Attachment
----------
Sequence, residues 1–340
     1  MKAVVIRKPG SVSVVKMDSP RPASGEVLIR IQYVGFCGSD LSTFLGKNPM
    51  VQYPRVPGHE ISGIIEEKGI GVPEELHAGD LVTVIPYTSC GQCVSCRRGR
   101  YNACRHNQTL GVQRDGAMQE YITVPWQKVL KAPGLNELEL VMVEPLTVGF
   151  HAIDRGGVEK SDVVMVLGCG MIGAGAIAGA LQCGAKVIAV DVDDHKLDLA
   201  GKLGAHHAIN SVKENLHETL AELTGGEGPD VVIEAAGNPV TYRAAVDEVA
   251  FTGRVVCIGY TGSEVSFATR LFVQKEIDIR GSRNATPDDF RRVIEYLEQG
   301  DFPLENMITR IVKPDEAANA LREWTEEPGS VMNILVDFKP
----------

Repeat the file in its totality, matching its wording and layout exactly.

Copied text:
Sequence, residues 1–340
     1  MKAVVIRKPG SVSVVKMDSP RPASGEVLIR IQYVGFCGSD LSTFLGKNPM
    51  VQYPRVPGHE ISGIIEEKGI GVPEELHAGD LVTVIPYTSC GQCVSCRRGR
   101  YNACRHNQTL GVQRDGAMQE YITVPWQKVL KAPGLNELEL VMVEPLTVGF
   151  HAIDRGGVEK SDVVMVLGCG MIGAGAIAGA LQCGAKVIAV DVDDHKLDLA
   201  GKLGAHHAIN SVKENLHETL AELTGGEGPD VVIEAAGNPV TYRAAVDEVA
   251  FTGRVVCIGY TGSEVSFATR LFVQKEIDIR GSRNATPDDF RRVIEYLEQG
   301  DFPLENMITR IVKPDEAANA LREWTEEPGS VMNILVDFKP